Thursday’s volatility can’t hold a candle to what we’ve seen in recent weeks, though the S&P 500 down a bit more than 1.5% is still a pretty big swing. Big news of the day was mostly variations of the same themes we’ve seen all year. Greece encountered another hurdle (not insurmountable) to its bailout—evidently caused by its own unfamiliarity with its legal system. France, Italy and Spain announced they’d extend short sale bans (which are ineffectual, but no matter, since short selling isn’t the market boogieman many presume). Then too, jobless claims were unexpectedly higher—but claims were higher mainly tied to striking telecom workers.
Weak economy and debt fears—not helped out by other news this week: The CBO’s recent report on the US budget and economy noted cumulative budget deficits between 2012 and 2021 could reach $3.5 trillion. That’s 3.5 with 11 zeros after. With that figure, debt held by the public would amount to 61% of GDP. Certainly no drop in the bucket. But how reliable is the CBO estimate? Not very, as it turns out.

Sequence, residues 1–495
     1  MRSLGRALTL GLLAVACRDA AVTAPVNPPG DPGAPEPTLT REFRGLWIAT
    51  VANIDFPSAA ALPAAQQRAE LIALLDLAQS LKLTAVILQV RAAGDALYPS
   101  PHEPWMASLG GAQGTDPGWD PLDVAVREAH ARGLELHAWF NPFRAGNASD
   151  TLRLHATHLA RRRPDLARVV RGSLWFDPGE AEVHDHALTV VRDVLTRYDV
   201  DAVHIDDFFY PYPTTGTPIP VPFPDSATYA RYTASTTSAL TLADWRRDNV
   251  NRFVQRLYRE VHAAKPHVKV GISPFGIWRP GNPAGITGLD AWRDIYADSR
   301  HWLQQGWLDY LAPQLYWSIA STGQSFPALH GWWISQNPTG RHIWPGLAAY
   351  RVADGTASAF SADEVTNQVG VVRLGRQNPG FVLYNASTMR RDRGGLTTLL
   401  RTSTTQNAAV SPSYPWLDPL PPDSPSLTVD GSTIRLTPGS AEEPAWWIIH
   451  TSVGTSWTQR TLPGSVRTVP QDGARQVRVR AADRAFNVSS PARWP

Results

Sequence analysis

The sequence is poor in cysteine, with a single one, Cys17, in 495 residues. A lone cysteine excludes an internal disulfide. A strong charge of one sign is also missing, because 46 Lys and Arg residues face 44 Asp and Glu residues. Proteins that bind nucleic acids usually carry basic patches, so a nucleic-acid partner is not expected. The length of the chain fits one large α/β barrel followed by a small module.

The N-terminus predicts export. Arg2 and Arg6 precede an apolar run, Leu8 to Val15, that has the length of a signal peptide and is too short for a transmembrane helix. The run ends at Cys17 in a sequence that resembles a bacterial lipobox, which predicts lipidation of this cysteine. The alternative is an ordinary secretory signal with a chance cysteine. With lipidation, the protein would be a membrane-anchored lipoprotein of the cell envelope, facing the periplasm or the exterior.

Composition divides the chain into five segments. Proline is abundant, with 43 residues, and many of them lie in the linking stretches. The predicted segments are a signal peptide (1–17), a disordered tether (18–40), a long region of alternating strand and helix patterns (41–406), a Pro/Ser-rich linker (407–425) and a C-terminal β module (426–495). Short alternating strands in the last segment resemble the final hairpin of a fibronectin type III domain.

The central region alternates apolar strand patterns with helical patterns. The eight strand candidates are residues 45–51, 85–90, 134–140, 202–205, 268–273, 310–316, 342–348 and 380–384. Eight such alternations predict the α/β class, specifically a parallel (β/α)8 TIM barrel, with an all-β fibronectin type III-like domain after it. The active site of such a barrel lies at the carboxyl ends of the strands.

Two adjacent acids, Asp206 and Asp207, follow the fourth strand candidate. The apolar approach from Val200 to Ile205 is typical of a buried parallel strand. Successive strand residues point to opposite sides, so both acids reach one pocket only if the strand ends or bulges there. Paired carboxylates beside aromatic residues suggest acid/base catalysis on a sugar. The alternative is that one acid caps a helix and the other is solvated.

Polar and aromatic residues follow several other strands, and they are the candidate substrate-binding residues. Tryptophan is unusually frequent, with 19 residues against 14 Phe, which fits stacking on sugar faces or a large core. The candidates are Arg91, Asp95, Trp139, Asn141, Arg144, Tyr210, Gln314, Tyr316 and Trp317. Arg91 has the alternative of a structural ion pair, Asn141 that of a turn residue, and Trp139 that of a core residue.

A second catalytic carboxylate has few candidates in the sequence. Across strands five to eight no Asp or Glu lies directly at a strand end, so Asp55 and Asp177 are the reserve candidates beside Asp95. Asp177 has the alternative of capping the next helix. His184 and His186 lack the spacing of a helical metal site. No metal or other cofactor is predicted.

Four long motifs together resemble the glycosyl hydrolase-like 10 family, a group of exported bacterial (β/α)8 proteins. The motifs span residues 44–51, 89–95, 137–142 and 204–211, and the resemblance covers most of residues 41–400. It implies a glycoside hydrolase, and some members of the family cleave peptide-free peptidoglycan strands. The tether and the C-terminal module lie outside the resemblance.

Case in point: In July 2000, the CBO projected by 2010, the United States would have a cumulative budget surplus of $4.5 trillion. What was that number actually? The US ran a budget deficit of $1.3 trillion.
Folks might say, “Yes, but a whole bunch of things happened in that ten years they didn’t predict.”
The world is an ever-changing place, but CBO forecasts are made in a perfect vacuum—they are given a set of assumptions and they run with it. For example, they take current tax revenues and extrapolate them out across their projections (accounting for legislatively mandated changes). However, their report has no ability to forecast how future tax changes may impact future tax revenue. Likewise, expenditures are assumed to continue at roughly the same pace. New legislation, new politicians, changing public will, meaningful innovations and economic events, etc., don’t happen in the CBO’s world. In this case, for 10 years. Absent cryogenically freezing the entire country for the next decade, that’s not very likely.
Say you ignore that fact, pretend the CBO’s projections are spot on and overall debt rises to 61% of GDP. (This is, interestingly, less than an earlier forecast tied to another set of assumptions that have since changed.) As we’ve written before, folks wrongly assume there’s an absolute debt level that’s problematic, instead of focusing on whether the debt is affordable. (In the US, it is.) So while the CBO report is a fun exercise in the “what if,” that’s really the extent of its usefulness.
Our view on debt fears remains the same: They aren’t going away. And Europe has some structural issues to sort out. But evidence continues to point to ongoing global growth and fundamental positives outweighing well-known negatives.
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